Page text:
Measuring the lifespan toll of air pollution in India
doi:10.1038/nindia.2021.122 Published online 17 September 2021
The life expectancy of Delhi residents may be reduced by as much as nine years if current air pollution levels persist, according to a new report by research group Energy Policy Institute at the University of Chicago (EPIC).
Nearly 40% of India’s population is exposed to levels of pollution not endured in any other country, the report says. The 510 million residents in north India’s Gangetic region could be losing 8.5 years of life on average. The region is India’s most populated, with the states of Uttar Pradesh, Bihar and Bengal, and the mega cities of Delhi and Kolkata.
Air pollution shortens average life expectancy in India by 5.9 years, as measured by the Air Quality Life Index (AQLI), designed by economist Michael Greenstone and his team at EPIC. The index combines research that quantifies the causal relationship between long-term human exposure to air pollution and life expectancy, with hyper-localized, global particulate metrics to measure the true cost of particulate pollution on communities. Some areas of India fare much worse than average, lives shortened by 9.7 years in Delhi and 9.5 years in Uttar Pradesh if air pollution levels of 2019 persist.
The number of regions with high levels of air pollution has increased over time. “Compared to a couple of decades ago, particulate pollution is no longer a feature of the Indo-Gangetic plains alone. Pollution has increased so much in the states of Maharashtra and Madhya Pradesh that the average person in those states is now losing an additional 2.5 to 2.9 years of life expectancy, relative to the early 2000s", the report says.
The AQLI illustrates that adhering to WHO guidelines on safe levels of exposure, national air quality standards and user-defined air quality levels can increase life expectancy.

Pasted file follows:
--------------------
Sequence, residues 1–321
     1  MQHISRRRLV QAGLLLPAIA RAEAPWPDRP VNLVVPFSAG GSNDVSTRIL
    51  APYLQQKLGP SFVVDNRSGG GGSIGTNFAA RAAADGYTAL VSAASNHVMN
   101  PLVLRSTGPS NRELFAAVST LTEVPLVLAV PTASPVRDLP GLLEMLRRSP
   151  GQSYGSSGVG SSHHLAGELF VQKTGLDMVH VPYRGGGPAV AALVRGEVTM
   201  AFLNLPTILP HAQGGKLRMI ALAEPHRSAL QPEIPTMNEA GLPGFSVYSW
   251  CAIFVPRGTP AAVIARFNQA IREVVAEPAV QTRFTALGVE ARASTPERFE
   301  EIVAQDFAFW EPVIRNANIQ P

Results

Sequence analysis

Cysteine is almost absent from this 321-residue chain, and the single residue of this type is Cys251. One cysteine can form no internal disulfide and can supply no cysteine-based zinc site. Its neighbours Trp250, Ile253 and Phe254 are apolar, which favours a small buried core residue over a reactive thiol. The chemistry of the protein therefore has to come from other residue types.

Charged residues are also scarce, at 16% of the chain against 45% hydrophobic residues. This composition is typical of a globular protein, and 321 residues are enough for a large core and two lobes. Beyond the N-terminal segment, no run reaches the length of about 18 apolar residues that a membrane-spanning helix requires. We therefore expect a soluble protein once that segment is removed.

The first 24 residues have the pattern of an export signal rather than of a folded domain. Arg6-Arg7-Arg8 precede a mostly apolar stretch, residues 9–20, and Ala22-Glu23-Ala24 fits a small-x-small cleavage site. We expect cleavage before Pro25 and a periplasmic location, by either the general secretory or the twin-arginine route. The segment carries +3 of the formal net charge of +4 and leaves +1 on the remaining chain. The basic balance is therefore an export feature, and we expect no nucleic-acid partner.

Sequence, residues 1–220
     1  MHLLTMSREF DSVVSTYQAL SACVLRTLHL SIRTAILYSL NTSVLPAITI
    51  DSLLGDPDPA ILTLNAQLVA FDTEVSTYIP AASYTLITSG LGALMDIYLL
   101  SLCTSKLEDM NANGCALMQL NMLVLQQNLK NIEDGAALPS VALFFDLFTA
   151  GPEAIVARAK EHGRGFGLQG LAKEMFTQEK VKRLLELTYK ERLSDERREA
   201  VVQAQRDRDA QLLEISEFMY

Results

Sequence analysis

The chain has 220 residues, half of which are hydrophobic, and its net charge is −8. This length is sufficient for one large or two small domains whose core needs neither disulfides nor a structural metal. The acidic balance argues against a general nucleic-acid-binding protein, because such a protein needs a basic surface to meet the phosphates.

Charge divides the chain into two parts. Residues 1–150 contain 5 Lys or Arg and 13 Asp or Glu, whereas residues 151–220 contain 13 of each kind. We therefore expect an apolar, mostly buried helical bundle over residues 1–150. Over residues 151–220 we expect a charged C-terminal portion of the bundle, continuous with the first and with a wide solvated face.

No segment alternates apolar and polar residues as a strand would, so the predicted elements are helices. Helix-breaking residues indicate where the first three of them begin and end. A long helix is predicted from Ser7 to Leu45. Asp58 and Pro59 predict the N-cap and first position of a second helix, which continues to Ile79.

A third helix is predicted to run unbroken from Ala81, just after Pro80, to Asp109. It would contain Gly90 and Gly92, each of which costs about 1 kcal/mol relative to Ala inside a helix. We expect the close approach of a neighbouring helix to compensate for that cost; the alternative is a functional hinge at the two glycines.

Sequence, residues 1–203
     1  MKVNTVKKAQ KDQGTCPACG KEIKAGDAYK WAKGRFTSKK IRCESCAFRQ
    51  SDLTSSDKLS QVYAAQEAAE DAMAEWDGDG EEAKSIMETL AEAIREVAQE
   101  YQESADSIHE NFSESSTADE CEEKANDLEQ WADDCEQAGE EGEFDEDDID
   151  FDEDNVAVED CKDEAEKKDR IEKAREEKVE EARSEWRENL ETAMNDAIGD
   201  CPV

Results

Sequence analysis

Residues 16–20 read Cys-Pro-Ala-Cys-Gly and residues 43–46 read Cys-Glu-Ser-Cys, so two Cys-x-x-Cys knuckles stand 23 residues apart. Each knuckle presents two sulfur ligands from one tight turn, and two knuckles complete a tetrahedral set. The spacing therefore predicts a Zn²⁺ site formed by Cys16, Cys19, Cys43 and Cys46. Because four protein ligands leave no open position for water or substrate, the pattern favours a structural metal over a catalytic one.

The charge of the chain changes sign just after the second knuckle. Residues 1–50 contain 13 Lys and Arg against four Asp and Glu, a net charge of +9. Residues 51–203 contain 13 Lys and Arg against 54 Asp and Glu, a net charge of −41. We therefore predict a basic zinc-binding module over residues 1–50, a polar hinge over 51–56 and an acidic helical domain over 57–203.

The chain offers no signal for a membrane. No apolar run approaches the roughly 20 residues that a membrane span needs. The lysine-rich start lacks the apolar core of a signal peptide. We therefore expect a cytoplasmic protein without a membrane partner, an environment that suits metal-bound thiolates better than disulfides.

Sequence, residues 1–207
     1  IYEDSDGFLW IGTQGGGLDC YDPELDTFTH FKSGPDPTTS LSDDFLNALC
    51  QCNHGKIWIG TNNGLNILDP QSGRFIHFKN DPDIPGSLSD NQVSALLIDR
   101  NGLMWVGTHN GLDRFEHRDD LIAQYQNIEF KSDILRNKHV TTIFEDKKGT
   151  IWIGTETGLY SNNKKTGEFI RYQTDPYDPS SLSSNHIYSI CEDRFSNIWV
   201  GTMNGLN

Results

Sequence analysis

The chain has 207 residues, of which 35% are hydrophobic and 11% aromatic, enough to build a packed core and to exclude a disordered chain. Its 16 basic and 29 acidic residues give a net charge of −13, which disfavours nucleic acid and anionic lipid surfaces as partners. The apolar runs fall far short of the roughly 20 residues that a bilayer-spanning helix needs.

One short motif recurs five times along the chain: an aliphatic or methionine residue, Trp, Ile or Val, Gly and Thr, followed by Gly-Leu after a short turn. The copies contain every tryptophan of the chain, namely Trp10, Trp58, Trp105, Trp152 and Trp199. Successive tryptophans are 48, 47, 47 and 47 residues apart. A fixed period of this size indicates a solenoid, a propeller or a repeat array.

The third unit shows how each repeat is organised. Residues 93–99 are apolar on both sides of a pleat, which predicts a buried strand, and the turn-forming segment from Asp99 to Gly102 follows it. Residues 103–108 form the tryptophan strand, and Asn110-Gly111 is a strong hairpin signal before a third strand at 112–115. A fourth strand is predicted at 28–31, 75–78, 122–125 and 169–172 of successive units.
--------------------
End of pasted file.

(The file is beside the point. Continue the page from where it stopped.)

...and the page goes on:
Over the last 18 months, when pandemic lockdowns caused industrial activities to cease, and air and road traffic was reduced, some urban areas experienced cleaner air. “It became acutely apparent the important role policy has played and could play in reducing fossil fuels that contribute both to local air pollution and climate change,” Greenstone told Nature India.
The report says that in 2019, India’s average particulate matter concentration (PM) was 70.3 µg/m³ — the highest in the world and seven times the WHO’s guideline of 10 µg/m³.
“Since 1998, the average annual particulate pollution has increased 15%,” says the study that analysed air pollution data from 1998 till 2019. While Delhi is the worst state, Uttar Pradesh tops the list for largest number of polluted cities with PM 2.5 concentration in Allahabad and Lucknow. This is 12 times higher than the WHO guidelines recommend.
By 2024, India’s National Clean Air Programme aims to reduce particulate pollution by 20% to 30% percent from 2017 levels. If it does achieve and sustain this cut, it would lead to a nationwide reduction of 25% percent in PM levels. This in turn would increase India’s national life expectancy by 1.8 years, and by 3.5 years for residents of Delhi.